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I'm trying to create a for-loop which checks if a member of my char array is the ASCii value I'm looking for (a=97, d=100, g=103, and so on), and if it is, add 5 to an int value I have, however, my code isn't working but I can't figure out why

string str;
cin >> str;
int arrSize = str.size();

char arr[arrSize];
strcpy(arr, str.c_str());

int ans = 0;
for(int i = 0; i < arrSize; i++)
{
    if(arr[i] == 97 || 100 || 103 || 106 || 109){ ans+= 5; }
    else{ ans+= 3; }
}

cout << ans;

a gives me 5, but so does every other value (b,c,e,f,h,i...).

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1  
if(arr[i] == 'a' || arr[i] == 'd' || arr[i] == 'g' || arr[i] == 'j'|| arr[i] == 'm'){ ans+= 5; } It's more readable –  AdamF Jun 22 '14 at 16:38
1  
There is no need to copy the string. str[i] will do the same thing. –  ScottMcP-MVP Jun 22 '14 at 16:47
    
That's true, Scott –  matr Jun 22 '14 at 18:08

1 Answer 1

up vote 0 down vote accepted
arr[i] == 97 || 100 || 103 || 106 || 109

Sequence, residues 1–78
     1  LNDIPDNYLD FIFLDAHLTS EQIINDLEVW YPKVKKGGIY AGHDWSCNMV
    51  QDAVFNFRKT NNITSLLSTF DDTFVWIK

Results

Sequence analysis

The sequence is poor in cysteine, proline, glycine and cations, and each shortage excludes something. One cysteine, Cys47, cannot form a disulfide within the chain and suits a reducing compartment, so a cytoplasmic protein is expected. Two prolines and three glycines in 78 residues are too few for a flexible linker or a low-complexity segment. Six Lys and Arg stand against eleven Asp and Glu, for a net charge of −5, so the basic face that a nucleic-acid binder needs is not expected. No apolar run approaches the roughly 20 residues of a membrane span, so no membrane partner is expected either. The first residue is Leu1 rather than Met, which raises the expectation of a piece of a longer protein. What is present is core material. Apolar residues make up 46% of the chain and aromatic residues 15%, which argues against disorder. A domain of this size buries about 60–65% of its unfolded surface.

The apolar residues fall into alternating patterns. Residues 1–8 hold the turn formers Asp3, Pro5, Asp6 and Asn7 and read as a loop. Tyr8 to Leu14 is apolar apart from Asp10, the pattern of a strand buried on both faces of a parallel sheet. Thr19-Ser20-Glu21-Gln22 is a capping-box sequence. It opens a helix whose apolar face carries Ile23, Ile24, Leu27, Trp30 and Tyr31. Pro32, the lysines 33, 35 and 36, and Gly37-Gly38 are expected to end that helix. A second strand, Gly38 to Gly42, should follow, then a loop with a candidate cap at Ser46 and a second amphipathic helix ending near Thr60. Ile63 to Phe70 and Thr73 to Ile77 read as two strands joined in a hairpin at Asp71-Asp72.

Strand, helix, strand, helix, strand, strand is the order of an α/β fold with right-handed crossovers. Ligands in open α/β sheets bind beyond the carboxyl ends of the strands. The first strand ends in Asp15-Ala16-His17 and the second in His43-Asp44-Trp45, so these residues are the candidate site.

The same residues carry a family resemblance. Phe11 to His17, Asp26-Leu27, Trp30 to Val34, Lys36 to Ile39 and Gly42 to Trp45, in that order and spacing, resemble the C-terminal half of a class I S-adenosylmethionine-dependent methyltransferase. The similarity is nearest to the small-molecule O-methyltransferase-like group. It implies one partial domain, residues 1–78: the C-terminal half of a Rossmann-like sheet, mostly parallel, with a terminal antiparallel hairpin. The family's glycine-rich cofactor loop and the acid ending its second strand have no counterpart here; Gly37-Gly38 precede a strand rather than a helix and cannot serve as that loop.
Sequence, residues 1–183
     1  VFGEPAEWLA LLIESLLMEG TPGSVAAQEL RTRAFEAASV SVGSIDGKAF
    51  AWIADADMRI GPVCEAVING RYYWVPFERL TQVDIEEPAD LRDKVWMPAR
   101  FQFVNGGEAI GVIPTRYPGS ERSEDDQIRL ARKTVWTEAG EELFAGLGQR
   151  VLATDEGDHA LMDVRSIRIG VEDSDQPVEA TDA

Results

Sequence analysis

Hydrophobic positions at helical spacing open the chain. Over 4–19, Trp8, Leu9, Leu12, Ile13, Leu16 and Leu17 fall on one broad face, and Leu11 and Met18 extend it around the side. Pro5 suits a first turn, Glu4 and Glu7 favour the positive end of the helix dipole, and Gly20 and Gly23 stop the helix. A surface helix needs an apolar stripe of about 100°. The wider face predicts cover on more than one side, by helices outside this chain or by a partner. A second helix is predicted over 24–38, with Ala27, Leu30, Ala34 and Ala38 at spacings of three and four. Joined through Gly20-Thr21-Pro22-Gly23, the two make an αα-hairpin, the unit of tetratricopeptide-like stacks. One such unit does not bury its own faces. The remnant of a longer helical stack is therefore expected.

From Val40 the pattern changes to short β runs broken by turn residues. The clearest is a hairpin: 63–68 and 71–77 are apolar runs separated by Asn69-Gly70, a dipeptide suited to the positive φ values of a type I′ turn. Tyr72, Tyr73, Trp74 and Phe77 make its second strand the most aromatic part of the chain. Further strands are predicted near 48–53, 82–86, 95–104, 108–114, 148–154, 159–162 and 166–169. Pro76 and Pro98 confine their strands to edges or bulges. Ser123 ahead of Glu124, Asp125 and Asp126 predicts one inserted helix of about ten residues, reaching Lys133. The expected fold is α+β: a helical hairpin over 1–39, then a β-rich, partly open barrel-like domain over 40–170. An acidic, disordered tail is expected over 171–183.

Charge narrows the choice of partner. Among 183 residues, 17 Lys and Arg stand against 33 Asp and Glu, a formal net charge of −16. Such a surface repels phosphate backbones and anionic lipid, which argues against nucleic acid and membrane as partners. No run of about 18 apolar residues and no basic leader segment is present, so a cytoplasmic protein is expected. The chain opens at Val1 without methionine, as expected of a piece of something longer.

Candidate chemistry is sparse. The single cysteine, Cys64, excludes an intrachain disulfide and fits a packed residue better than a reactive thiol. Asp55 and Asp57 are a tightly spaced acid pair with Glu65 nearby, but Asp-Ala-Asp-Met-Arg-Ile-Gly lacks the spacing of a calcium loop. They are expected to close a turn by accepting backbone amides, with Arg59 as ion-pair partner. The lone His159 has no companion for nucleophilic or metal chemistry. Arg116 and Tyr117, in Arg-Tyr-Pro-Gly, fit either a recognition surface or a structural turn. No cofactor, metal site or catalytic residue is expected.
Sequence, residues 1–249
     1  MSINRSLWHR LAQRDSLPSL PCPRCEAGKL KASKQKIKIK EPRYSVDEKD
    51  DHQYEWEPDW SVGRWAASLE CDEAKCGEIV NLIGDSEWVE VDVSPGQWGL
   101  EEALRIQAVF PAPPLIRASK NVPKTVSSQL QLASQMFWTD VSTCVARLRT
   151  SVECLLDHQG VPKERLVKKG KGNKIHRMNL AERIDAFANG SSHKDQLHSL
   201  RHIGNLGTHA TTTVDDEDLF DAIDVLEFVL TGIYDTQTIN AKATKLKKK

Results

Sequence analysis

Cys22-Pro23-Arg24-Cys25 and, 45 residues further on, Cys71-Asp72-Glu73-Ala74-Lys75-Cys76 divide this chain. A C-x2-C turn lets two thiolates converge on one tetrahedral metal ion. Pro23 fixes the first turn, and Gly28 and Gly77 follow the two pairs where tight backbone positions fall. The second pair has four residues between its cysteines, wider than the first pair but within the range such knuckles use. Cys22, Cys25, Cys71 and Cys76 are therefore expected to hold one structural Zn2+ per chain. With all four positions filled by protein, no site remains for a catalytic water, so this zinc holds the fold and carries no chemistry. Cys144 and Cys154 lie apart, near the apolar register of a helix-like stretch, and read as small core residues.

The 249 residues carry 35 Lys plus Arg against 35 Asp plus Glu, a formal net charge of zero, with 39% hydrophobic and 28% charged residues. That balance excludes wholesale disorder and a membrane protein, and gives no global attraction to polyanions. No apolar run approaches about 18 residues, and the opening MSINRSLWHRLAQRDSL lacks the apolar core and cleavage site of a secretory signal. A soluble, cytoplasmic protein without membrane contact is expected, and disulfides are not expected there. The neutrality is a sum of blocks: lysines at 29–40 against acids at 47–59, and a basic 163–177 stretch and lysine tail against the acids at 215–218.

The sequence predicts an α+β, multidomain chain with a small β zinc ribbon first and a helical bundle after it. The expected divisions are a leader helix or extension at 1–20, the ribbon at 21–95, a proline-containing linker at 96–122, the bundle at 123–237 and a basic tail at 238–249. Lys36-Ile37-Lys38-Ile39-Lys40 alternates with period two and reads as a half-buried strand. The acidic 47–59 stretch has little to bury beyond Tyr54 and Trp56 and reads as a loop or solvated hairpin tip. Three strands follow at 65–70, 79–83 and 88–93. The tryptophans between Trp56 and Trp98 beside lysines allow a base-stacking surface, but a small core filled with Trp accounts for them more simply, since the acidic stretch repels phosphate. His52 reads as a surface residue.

This is wrong. It is equivalent to:

(arr[i] == 97) || (100) || (103) || (106) || (109)

Is 100 true? Yes, it is. Therefore, everything will be true.

Instead you want:

arr[i] == 97 || arr[i] == 100 || arr[i] == 103 || arr[i] == 106 || arr[i] == 109
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I didn't know it worked this way on C++, thanks. –  matr Jun 22 '14 at 16:47
    
@matr it works this way for most other languages. If some language has different precendence for == and || then it'll be treated as arr[i] == (97 || 100 || 103 || 106 || 109) so it won't work as you expected too –  Lưu Vĩnh Phúc Nov 7 '14 at 5:14

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